It’s no myth: Solar power has its biggest home in the Tampa Bay area at Tampa Electric’s newest array in Apollo Beach

Solar power - 23 megawatts of it - has a new home with TECO in Apollo Beach.

Solar power – 23 megawatts of it – has a new home with TECO in Apollo Beach to serve the community.

Apollo – ancient Greek god of the sun (among other things) – would probably like what’s unfolding in his namesake town along Tampa Bay: 23 megawatts of solar power at a new photovoltaic array that only adds to its amassed output of renewable energy for the community anytime the sky is bright.

At Tampa Electric, we’re confident everyone can appreciate the countless things this array, the area’s largest, means for people across West Central Florida.

On March 31, a ribbon-cutting ceremony with local and statewide leaders formally dedicated the installation, which has been generating power since February. Occupying 106 acres of Tampa Electric-owned land across Dickman Road from our Big Bend Power Station and Manatee Viewing Center, the array combines two aspects of those longstanding institutions – respectively, electric power generated with a focus on environmental responsibility and a unique and enduring showcase for our love of natural Florida – into something new.

“This project is the most unique integration of multiple technologies in the entire state of Florida,” said Tom Hernandez, senior vice president of Business Strategy and Renewables. “The design had to consider potential flood conditions, high-wind conditions, the topography of the site itself and the fact that we’re using a new type of thin-film technology and single-access tracking that maximizes the energy output. It’s the most cost-effective way that we’ve found to date to produce clean, reliable PV solar energy and complement our generating fleet.”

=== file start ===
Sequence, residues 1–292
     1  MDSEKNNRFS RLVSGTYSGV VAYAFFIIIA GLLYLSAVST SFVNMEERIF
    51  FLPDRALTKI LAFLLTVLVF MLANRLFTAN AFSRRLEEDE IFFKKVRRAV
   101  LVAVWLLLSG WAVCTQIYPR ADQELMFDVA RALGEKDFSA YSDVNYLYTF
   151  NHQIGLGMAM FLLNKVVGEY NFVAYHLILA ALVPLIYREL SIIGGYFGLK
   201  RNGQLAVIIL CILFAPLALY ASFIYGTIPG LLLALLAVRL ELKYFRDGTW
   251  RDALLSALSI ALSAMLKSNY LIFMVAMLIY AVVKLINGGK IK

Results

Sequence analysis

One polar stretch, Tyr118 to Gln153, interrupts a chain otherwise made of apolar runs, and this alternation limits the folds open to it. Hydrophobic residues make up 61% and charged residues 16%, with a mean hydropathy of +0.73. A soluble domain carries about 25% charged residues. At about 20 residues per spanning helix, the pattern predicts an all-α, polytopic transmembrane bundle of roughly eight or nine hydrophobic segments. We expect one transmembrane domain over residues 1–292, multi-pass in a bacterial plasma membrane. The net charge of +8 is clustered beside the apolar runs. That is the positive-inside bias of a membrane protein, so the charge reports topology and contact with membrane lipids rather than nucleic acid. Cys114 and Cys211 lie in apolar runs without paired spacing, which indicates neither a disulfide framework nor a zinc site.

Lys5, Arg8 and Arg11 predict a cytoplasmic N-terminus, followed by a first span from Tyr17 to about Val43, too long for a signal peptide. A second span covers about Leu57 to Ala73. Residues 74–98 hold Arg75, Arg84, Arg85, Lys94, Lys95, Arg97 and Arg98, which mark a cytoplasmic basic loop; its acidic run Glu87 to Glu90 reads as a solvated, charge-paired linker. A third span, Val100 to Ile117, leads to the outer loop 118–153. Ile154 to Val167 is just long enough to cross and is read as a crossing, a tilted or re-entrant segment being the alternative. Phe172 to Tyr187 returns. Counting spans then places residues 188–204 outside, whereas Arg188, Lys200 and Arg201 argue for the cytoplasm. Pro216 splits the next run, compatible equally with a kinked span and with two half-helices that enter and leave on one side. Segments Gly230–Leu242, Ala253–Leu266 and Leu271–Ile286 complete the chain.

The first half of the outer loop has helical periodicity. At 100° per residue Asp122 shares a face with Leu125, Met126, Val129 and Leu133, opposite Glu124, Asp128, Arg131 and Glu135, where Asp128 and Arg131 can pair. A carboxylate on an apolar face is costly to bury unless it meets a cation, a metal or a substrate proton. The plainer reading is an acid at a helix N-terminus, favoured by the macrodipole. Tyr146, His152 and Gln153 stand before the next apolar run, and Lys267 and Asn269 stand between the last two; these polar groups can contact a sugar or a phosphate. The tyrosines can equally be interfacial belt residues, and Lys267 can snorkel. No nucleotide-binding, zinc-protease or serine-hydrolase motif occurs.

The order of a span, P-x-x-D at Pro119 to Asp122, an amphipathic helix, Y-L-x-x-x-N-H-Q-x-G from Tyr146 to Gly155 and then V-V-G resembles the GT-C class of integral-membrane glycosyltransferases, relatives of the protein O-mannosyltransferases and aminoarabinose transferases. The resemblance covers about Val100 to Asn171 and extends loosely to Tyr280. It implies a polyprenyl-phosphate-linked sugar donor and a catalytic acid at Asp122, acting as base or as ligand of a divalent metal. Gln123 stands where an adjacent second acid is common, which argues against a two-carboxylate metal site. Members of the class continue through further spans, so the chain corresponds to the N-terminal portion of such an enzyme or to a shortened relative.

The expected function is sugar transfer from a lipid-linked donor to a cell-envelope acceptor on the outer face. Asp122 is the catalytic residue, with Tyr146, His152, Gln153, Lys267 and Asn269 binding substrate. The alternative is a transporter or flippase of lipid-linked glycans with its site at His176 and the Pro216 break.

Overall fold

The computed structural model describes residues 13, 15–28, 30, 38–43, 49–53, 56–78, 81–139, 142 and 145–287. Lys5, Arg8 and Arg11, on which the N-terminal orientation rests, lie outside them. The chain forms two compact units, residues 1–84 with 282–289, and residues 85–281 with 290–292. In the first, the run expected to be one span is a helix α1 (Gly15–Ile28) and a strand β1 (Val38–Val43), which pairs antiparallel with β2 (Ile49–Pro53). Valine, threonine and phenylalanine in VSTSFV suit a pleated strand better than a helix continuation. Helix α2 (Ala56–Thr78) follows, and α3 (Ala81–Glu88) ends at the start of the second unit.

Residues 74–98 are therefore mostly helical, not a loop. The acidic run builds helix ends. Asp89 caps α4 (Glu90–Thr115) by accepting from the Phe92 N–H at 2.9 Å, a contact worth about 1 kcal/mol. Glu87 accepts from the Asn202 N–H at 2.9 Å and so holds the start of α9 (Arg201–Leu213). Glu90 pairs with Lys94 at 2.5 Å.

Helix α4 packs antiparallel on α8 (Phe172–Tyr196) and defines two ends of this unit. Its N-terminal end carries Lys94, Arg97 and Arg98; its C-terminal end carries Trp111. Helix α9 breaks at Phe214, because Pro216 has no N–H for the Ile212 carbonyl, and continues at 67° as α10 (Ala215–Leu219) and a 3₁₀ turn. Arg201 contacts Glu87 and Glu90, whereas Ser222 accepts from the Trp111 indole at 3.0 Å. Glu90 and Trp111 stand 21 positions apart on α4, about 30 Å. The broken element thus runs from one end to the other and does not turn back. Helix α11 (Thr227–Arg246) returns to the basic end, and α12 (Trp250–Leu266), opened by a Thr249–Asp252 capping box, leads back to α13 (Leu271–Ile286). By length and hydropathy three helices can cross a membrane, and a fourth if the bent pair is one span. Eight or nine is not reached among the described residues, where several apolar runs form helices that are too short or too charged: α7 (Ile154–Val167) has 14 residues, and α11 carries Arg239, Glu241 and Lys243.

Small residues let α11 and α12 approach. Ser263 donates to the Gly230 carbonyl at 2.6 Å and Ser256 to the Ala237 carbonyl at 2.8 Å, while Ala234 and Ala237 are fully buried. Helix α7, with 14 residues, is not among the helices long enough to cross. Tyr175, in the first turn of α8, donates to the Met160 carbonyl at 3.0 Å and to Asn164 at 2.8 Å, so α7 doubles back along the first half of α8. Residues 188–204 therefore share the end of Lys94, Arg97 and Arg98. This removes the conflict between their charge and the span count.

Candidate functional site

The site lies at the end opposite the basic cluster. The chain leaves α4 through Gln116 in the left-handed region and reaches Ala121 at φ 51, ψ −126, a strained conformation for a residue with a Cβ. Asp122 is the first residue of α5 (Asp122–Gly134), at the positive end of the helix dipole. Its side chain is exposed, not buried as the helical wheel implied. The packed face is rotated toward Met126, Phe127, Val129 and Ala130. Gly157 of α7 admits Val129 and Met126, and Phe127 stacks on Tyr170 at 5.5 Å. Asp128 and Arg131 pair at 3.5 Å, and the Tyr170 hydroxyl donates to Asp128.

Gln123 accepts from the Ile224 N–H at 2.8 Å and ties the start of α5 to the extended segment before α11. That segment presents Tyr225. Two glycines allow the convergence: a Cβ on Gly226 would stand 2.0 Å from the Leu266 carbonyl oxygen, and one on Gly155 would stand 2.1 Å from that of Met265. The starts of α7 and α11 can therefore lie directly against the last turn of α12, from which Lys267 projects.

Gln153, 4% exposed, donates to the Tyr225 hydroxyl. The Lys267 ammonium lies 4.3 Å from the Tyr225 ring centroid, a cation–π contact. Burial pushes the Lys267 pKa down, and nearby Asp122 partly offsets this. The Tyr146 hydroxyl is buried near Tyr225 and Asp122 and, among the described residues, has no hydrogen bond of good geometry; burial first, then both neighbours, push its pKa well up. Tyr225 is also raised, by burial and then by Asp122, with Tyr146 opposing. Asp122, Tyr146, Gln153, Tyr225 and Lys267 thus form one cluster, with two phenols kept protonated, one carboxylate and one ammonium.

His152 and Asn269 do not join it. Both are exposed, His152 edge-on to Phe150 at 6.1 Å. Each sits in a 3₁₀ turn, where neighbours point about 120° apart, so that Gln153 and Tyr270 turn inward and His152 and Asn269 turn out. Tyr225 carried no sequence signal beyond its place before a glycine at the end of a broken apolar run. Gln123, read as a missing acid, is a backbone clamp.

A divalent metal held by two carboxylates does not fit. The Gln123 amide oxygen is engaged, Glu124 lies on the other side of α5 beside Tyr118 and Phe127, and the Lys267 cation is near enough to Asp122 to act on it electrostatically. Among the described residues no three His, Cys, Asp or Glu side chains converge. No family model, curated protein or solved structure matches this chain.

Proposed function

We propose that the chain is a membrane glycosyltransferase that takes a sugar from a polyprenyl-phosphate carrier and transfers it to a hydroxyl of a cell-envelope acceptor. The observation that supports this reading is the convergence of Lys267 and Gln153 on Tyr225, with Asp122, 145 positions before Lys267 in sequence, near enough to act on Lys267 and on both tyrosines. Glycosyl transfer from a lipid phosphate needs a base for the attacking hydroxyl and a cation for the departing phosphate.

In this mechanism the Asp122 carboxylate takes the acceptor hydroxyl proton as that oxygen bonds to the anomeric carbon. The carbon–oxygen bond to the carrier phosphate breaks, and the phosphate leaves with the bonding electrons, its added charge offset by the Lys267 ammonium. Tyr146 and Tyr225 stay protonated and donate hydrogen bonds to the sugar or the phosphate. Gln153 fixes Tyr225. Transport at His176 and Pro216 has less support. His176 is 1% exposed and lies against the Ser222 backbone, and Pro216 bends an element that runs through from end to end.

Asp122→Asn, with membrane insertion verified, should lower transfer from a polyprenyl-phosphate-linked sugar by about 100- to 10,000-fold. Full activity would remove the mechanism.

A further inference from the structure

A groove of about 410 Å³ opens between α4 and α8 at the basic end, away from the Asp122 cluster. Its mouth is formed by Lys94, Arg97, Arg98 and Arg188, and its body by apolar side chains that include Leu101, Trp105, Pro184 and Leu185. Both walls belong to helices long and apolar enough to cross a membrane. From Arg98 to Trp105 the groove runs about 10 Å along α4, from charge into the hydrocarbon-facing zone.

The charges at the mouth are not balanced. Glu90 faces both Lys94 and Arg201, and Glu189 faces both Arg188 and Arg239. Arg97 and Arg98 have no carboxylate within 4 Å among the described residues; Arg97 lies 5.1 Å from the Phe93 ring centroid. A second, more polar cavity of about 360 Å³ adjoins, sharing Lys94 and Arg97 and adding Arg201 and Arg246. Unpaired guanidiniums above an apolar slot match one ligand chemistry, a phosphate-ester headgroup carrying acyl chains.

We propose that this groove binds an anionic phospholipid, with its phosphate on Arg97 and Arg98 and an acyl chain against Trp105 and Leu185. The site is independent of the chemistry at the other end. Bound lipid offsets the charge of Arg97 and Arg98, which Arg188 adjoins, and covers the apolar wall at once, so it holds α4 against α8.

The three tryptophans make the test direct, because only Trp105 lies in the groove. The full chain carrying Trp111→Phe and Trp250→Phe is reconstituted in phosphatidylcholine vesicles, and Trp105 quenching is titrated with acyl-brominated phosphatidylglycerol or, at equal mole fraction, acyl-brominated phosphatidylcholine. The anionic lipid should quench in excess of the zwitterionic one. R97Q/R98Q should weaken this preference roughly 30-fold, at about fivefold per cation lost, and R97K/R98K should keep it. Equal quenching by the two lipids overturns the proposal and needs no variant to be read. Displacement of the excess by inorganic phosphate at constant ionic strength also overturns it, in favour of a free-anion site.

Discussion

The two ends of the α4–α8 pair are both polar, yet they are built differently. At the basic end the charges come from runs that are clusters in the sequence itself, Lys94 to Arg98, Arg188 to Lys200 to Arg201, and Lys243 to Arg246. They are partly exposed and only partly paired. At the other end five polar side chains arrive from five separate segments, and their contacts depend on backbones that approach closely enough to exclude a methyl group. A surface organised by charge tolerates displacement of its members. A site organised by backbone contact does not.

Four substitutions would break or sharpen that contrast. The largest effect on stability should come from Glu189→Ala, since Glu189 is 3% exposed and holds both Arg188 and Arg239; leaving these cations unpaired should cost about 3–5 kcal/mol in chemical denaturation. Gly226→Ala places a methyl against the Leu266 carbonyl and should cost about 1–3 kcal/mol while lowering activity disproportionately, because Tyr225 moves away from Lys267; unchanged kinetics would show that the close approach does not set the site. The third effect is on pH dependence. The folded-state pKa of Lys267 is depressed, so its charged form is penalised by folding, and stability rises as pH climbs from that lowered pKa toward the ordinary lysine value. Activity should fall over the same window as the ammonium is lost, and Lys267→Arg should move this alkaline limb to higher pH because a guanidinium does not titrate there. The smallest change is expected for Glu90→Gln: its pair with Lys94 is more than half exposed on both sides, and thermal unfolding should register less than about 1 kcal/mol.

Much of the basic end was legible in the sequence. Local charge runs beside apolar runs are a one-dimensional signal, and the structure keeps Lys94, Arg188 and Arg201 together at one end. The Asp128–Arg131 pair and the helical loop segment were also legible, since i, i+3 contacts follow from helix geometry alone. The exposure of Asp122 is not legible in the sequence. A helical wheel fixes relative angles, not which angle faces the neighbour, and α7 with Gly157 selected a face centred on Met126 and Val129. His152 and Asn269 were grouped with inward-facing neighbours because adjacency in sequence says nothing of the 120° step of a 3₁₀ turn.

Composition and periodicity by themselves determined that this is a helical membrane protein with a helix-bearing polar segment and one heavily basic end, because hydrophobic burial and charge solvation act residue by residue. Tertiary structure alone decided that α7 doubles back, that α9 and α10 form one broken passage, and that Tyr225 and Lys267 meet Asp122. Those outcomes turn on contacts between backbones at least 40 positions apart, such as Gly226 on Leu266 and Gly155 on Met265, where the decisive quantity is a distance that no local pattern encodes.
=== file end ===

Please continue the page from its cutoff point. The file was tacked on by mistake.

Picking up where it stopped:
At the solar array ribbon-cutting, from left: Hillsborough County Commissioner Pat Kemp; Tom Hernandez and Gordon Gillette with TECO; in back is Paul Anderson, Port Tampa Bay President and CEO; and Hillsborough County Commissioner Sandra Murman.

At the solar array ribbon-cutting, from left: Hillsborough County Commissioner Pat Kemp; Tom Hernandez and Gordon Gillette with TECO; in back is Paul Anderson, Port Tampa Bay President and CEO; and Hillsborough County Commissioner Sandra Murman.

Adding to the praise for TECO from the community, Hillsborough County Commissioner Pat Kemp used the occasion to present a special commendation to Tampa Electric.

“I’m so honored to have been a part of the ribbon-cutting for the largest solar project in Hillsborough County,” she said. “The Big Bend Solar Array will bring clean, renewable energy to 3,300 homes. It’s so wonderful we will be using our own renewable energy resource: the sun.”

What does the 23-megawatt array, one that automatically tilts toward the sun, mean for you?

It means we’re thinking big when it comes to new and better ways to make good on the Sunshine State’s potential for a clean, renewable-energy future. It means that with the backing of a company like Emera, a top-20 North American energy leader, we have the power to grow our system to serve a growing Florida while we work for the good of the environment.

It means we’re eager to partner with our customers to bring our solar expertise and commitment to this community – one we’ve proudly shared with you 118 years! With more and more homes and businesses powered by renewable energy that we provide, helped by economies of scale, new installations like the one in Apollo Beach will lead to benefits beyond those centered on the environment.

Not that there won’t be a few challenges along the way, noted Gordon Gillette – president and CEO of Tampa Electric, and president of Florida Operations – during the dedication event.

“We started the morning with some rain here and that’s a little worrisome at a solar ribbon-cutting,” he joked.

“This is our first full-size utility-scale solar facility; we plan to do a lot more of these types of projects,” he went on, taking a moment to thank the TECO team behind the project. “Solar plays a very big role in what we’re doing. Moving forward, when we think about Florida from an economic development perspective, clean technology like this is not only attractive to one of our state’s core businesses, which is tourism, but also attractive to all other businesses who want to relocate to Florida.”

With an effort that’s not just moving onward and upward – but even tilting toward the sun as the day progresses – the array in Apollo Beach and what it means for the community’s future is good for you too.

And as the ribbon was cut, it’s almost like Apollo himself was waiting for the opportunity to see the sun start to shine through the clouds.

Watch video of the ribbon-cutting ceremony on our YouTube channel.

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